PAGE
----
To effectively navigate the social world, we need information about each other’s emotions. Emotional contagion has been suggested to facilitate such information transmission, constituting a basic building block of empathy that could also be present in non-human animals. Most animal studies have faced difficulties in measuring the emotional valence in contagion. A collaboration between cognitive biologists and social neuroscientists at University of Vienna solves this problem by integrating behavioral and psychological methods. They show that ravens observing a conspecific in a negative emotional state subsequently perform in a pessimistic manner on a judgment task. The results of this study have been published in the scientific journal Proceedings of the National Academy of Sciences of the United States of America.
An interdisciplinary team at University of Vienna led by Prof. Thomas Bugnyar of the Department of Cognitive Biology and Prof. Claus Lamm of the Department of Basic Psychological Research and Research Methods, set out to test emotional contagion in captive ravens that were familiar with participating in behavioral experiments. Researchers induced a positive or negative affective state in a demonstrator raven, by allowing the bird to spy at a highly preferred or not preferred food through a peep hole. Another raven observed the demonstrator’s behavioral expressions to the types of food without being able to see the food itself. Before and after the observation, these ravens were tested in a cognitive bias paradigm, in which they were asked to judge ambiguous stimuli. This paradigm allows measuring the valence (positive or negative) of affective states, rather than only the affective arousal. Observers showed a pessimistic judgment after having seen the demonstrator expressing frustration-like behaviors, but they did not execute any of these behaviors themselves. These findings suggest that ravens can pick up on the others’ negative emotional state and show emotional contagion in the absence of behavioral contagion.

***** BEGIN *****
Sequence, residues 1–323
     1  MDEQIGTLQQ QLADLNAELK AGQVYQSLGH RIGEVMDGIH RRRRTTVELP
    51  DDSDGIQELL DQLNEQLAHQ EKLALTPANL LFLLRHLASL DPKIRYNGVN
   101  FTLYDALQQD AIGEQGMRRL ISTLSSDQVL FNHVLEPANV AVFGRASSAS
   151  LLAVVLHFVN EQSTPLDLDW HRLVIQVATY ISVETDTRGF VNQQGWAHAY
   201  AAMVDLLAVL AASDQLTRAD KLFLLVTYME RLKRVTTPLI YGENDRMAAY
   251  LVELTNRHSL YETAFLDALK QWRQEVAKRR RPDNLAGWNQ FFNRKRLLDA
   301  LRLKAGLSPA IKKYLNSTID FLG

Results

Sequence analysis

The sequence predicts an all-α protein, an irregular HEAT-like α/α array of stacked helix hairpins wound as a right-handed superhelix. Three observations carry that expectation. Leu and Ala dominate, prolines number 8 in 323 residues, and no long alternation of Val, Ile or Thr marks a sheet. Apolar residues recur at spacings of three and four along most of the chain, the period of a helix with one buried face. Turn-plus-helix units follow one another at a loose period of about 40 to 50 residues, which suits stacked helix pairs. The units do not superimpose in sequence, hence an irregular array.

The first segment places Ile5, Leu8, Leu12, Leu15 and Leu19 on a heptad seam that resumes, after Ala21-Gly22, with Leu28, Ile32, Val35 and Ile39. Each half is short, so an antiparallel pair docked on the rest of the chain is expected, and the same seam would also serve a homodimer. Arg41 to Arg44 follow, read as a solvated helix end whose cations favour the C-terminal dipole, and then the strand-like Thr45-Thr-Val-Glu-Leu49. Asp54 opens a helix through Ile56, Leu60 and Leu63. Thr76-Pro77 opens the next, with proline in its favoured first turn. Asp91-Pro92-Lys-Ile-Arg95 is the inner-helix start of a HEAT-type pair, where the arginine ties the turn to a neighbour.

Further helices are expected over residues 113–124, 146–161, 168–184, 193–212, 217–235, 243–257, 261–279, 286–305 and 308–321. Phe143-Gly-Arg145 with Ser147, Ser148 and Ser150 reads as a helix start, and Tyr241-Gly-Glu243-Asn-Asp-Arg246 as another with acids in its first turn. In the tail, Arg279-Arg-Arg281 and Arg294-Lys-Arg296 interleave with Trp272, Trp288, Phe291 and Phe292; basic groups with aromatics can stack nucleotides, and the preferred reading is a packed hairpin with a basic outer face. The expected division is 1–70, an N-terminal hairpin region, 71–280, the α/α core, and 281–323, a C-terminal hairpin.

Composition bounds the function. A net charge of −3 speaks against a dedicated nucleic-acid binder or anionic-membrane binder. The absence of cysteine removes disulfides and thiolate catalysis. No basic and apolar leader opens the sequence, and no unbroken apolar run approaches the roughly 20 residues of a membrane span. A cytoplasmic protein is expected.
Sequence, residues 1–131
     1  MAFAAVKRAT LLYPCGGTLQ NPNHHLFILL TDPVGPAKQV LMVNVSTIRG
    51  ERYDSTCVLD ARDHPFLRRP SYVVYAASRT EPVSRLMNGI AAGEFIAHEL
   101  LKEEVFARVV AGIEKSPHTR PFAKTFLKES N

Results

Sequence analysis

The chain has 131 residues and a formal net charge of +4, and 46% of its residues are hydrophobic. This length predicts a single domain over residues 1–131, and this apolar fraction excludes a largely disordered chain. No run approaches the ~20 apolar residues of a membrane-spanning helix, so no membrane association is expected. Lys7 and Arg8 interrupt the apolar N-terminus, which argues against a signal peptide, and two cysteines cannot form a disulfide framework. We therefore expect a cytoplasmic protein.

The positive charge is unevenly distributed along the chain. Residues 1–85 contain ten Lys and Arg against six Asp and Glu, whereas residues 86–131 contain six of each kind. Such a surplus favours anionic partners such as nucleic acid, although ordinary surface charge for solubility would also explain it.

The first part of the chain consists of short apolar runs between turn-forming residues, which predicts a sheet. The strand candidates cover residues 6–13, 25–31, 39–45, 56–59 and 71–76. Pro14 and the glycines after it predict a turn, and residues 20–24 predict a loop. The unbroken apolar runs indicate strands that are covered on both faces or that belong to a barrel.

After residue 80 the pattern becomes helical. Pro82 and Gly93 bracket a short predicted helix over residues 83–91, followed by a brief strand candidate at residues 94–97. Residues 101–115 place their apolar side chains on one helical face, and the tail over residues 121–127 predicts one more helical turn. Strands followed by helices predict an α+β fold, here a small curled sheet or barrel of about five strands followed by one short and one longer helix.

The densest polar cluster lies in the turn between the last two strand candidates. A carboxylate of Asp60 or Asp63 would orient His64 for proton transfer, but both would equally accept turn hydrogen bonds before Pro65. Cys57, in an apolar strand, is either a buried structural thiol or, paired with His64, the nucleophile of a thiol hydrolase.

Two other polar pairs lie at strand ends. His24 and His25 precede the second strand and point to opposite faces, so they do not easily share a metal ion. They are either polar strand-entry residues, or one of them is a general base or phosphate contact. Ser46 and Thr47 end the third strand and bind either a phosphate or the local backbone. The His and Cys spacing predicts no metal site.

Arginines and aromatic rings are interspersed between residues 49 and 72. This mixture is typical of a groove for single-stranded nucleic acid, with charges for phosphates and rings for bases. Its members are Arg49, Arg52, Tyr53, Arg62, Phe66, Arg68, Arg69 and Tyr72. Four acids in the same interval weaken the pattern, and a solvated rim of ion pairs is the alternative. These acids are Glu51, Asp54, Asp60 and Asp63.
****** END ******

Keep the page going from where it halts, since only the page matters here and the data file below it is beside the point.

Lead-author Jessie Adriaense underlines the importance of studying animal emotions, “Scientific research on animal emotions is often received with skepticism. Research has advanced and we no longer follow the idea that emotions are less important than for example cognitive skills. Just like humans, animals are driven and motivated by their emotional states, which is reflected in their cognitive performance and behavioral expressions. Although it remains a challenging research endeavor, this study demonstrates we’re heading in the right direction”.
In addition, Jessie emphasizes that the new combination of methods used to experimentally demonstrate emotional contagion in birds should be applicable to a wide range of species. “Now that we know how it works, we can apply it to various animals. Getting to that stage was difficult, though, and we strongly profited from the interdisciplinary collaboration across faculties and research fields”. The research has been fostered by the Cognitive Science Research Platform, a network of researchers funded by the University of Vienna. “I am glad that I took the opportunity offered by the Cognitive Science Platform. It clearly paid off, as our findings provide an important stepping stone towards understanding the evolution of empathy”, she adds.
Publication in "PNAS"
Adriaense, J.E.C., Martin, J.S., Schiestl, M., Lamm, C. & Bugnyar, T. Negative emotional contagion and cognitive bias in common ravens (Corvus corax). Proceedings of the National Academy of Sciences of the United States of America.